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Examiner
  • New hope for New Hope Baptist

  • As far as the members of New Hope Baptist Church in Independence are concerned, Pastor Darren M. Tharp is a miracle.

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  • As far as the members of New Hope Baptist Church in Independence are concerned, Pastor Darren M. Tharp is a miracle.
    The 47-year-old church at 18000 E. Lexington Road in eastern Independence could have closed its doors with the events that have transpired in the past year. Tharp, a 30-year veteran pastor, said he has seen churches close their doors for situations less extreme than what happened at New Hope.
    But that’s all in the past, Tharp said. He is here now to spread the congregation’s new motto: “A New Start for New Hope.”  
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    “When you move to an area in a situation like us in the ministry,” Tharp said, “you don’t know how you’re going to be received in the town.”
    Never mind the added complication in Tharp’s case.
    New Hope Baptist Church’s former pastor, David K. Love, pleaded not guilty in January to a charge of first-degree murder and armed criminal action. He is accused of the March 2010 shooting death of Independence insurance agent Randy Stone, a former member of New Hope who left the church just two weeks before his death. Stone’s family members have told the media that Love allegedly had an affair with Stone’s wife for 10 years.
    Following Love’s resignation as pastor in April 2010, New Hope released a statement on its website, saying the church and its leadership were committed to moving forward to serve the community.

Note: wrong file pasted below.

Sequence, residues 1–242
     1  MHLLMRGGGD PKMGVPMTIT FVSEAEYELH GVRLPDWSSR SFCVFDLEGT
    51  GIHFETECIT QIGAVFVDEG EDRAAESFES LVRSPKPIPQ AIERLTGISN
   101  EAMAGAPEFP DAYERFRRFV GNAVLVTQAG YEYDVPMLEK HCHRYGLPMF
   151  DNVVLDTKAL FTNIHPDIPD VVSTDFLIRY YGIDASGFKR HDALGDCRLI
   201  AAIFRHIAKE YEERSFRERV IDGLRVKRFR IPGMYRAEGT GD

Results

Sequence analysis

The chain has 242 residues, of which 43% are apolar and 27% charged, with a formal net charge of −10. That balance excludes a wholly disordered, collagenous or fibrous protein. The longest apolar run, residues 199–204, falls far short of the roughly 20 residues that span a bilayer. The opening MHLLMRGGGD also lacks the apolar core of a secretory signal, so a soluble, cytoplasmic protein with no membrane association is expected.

“Please pray for us as we plan out the future direction of New Hope,” the statement read.
    According to two deacons at New Hope, those prayers were answered every step of the way.
    “It’s really confirmed in my heart how the Lord provides,” said Steve Elliott, a deacon and a member of New Hope for seven years.
    An attorney from the Christian Law Association immediately contacted New Hope Baptist Church after Stone’s death and Love’s subsequent arrest. The association provides free legal assistance to Bible-believing churches and Christians who are experiencing difficulty in practicing their faith because of governmental regulation, intrusion or other situations, its website says.
    Lester Hutson, a national field representative for the association, helped New Hope Baptist Church form a pulpit committee. Hutson also helped the church find an interim pastor.
    “Through it all, it seemed like exactly what we needed was right there on our doorstep,” Elliott said. “It confirmed that the Lord wasn’t done with us.”
    The pieces of the puzzle toward a new pastor slowly began falling into place. Tharp, 51, had served as a pastor to a church in Michigan for 16 years. Originally from Illinois, Tharp first met a busload of members of New Hope in Chillicothe, Mo., when he preached at a revival.
    Page 2 of 3 - A friend of Tharp’s heard that New Hope was looking for a pastor and turned his name into the pulpit committee. In November 2010, the committee members called Tharp, who was living outside of Chicago and was in between permanent jobs as a pastor.
    “I didn’t think in a million years that we’d ever be able to get him,” Elliott said of seeing Tharp at the revival in Chillicothe. “I believe he is the best pastor in America because he preaches the word of God straight. He loves our people, and it was evident the first time we met him that he loves people and he loves the Lord. I never would have thought in a million years that we would have got such a good preacher.”  
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    Following background and reference checks, New Hope’s pulpit committee voted unanimously for Tharp as its new pastor. The church constitution requires that 75 percent of congregation members vote for its new leader, but Tharp received 100 percent of the vote, Elliott said. (About 170 people regularly attend the church’s Sunday services.)